Richard Florida is a co-founder and editor at large of CityLab and a senior editor at The Atlantic. He is a university professor in the University of Toronto’s School of Cities and Rotman School of Management, and a distinguished fellow at New York University’s Schack Institute of Real Estate.
Corporations like Google and Amazon reap the spoils of winner-take-all urbanism. Here’s how they can also bear greater responsibility.
As some of the main drivers and primary beneficiaries of the recent urban revival, anchor institutions are often the largest employers in their communities. While typical examples of “anchor institutions” include large universities, hospitals, and medical centers—so-called “meds and eds”—that quite literally anchor urban centers, other powerful anchors, including successful high-tech companies and real estate developers, have the capacity and resources to wield enormous influence on today’s cities.
However, the last decade has given rise to a troubling pattern of “winner-take-all urbanism” in which a select group of large, dense cities and an even smaller number of neighborhoods reap the spoils of innovation and economic growth. Anchors benefit enormously from this recent urban revival. And as a result, they must commit themselves to generating more inclusive prosperity.
To solve our modern urban crisis, we need a broader, more encompassing strategy of inclusive prosperity that allows all residents and neighborhoods to benefit from urban revival. In a new study with Steven Pedigo, my colleague from the NYUSPS Urban Lab at the Schack Institute of Real Estate, we outline the role that anchors can and must play in creating inclusive prosperity in our urban centers.
As the federal government retreats from urban development and turns its priorities away from cities, the onus of inclusive development has transferred to urban areas. With gaping cutbacks in federal spending for housing assistance, affordable housing, job training, healthcare services, education, the environment, and more, local governments, non-profit organizations, and philanthropic foundations are having to step in to fill these gaps. Anchors could be doing more to help out as well.
One class of particularly potent anchors is the tech companies that have returned en masse to downtown urban areas. Today, five of the ten most valuable companies in the Fortune 500—Apple, Amazon, Google, Microsoft, and Facebook—are high-tech corporations. At least two of them, Amazon and Google, are a massive presence in the urban core.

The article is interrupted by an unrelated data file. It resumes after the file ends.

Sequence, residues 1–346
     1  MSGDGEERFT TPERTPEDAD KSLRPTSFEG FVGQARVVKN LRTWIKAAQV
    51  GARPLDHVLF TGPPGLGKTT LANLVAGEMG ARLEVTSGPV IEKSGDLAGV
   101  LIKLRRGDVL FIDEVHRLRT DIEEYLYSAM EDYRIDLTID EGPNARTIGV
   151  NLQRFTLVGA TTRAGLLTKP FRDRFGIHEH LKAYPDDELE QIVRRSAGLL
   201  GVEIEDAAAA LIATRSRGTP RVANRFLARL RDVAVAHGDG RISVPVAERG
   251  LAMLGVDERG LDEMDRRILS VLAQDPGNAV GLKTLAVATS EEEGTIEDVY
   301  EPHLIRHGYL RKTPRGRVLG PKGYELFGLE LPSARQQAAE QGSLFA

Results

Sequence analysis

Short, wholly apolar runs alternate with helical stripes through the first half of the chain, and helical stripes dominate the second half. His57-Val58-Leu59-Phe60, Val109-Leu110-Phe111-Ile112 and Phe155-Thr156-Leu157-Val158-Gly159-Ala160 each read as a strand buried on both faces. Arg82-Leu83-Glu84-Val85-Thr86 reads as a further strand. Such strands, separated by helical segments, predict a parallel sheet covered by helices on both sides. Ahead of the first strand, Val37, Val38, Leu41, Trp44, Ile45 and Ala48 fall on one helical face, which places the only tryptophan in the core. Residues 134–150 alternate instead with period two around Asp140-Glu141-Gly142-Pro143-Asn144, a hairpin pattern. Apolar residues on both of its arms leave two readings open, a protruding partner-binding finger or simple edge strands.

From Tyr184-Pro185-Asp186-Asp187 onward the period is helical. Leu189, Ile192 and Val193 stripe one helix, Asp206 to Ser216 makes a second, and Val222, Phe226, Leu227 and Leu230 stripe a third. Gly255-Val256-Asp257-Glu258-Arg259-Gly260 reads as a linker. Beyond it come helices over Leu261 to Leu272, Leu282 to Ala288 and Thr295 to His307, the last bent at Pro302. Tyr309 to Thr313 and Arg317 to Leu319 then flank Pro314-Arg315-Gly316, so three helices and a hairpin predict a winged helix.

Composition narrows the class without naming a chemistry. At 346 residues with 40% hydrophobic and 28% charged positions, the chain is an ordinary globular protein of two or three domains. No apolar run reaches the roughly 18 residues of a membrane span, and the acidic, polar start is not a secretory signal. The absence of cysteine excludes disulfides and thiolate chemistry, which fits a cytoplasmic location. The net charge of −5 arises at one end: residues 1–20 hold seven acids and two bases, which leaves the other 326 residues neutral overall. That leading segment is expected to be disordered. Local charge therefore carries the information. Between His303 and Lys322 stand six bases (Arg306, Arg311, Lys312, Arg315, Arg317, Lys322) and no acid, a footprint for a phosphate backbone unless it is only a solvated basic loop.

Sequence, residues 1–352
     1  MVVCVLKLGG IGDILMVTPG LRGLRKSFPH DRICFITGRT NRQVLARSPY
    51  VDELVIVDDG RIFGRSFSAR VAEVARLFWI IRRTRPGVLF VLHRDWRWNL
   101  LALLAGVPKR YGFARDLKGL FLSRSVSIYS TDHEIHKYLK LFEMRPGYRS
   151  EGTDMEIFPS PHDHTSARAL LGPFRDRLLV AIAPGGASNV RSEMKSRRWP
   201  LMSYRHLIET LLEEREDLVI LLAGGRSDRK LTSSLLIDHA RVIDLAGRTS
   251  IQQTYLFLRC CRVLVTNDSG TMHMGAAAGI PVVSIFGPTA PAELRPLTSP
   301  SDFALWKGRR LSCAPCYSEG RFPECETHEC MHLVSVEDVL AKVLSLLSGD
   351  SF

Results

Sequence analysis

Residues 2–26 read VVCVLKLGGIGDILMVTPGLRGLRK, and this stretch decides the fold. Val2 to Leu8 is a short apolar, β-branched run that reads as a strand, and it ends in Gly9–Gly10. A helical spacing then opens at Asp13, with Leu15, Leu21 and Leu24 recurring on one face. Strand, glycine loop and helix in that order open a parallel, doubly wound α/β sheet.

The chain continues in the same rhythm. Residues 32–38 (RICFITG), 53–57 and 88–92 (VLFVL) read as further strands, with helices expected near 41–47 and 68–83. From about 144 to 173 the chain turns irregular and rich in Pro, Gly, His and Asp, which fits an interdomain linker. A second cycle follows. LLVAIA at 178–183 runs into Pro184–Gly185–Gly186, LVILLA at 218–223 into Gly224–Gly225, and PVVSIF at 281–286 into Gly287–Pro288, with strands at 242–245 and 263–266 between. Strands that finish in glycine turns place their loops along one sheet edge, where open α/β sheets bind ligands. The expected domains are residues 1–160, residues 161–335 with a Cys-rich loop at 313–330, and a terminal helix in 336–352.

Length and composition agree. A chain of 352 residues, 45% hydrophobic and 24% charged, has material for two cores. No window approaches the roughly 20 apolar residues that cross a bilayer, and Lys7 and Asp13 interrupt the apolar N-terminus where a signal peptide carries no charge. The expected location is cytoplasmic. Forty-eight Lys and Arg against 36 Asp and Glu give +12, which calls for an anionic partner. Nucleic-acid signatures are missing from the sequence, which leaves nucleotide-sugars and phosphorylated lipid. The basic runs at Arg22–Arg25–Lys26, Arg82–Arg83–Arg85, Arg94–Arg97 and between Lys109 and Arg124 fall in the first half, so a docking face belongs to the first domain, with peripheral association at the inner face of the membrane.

Amazon is the largest private tenant in downtown Seattle. Its campus spans more than 8.5 million square feet and employs more than 25,000 workers, most of whom are highly paid engineers, managers, and programmers. Soon, Amazon will open a second headquarters, for which dozens of metros across the US and Canada are competing, and which will have a considerable effect on the shape and content of much of future economic development practice and policy.
While Google maintains its large suburban office complex—the so-called “Googleplex” in suburban Silicon Valley—it also has a major presence in New York City, where it houses more than 3,000 employees in its renovated Port Authority building in Chelsea. The company has also proposed an estimated 870,000 square-foot tech complex in central London, designed by young “starchitect” Bjarke Ingels, which will house another 4,000 employees. Google has also recently started negotiations with the city of San Jose to acquire city-owned land around the city’s downtown Diridon Station, which would include six to eight million square feet of office and retail space and house some 20,000 employees.
Real estate companies are another large-scale anchors with enormous influence in cities. To take advantage of the urban revival, many real estate developers are bypassing single developments and instead building entire neighborhoods or districts like Hudson Yards in New York City, or Boston’s Seaport Innovation District. While these developments have the potential to foster diversity and community engagement, they also have the potential to become isolated pockets of wealth, alienating nearby residents and amplifying inequality in surrounding neighborhoods.
Indeed, the ongoing urban revival has spurred an increasingly potent backlash that pins the blame for rising housing prices and growing inequality on high-tech companies and real estate developers. In the midst of this backlash, a growing number of cities have turned to affordable housing and inclusionary zoning as a way to make communities more accessible for low and moderate-income families. But, solving today’s urban crisis requires a strategy that goes beyond these measures. It must also include jobs, innovation, and broadly shared economic growth. Our study identifies four key pillars that anchors can and must adopt in the quest for inclusive urban prosperity.
Require affordable housing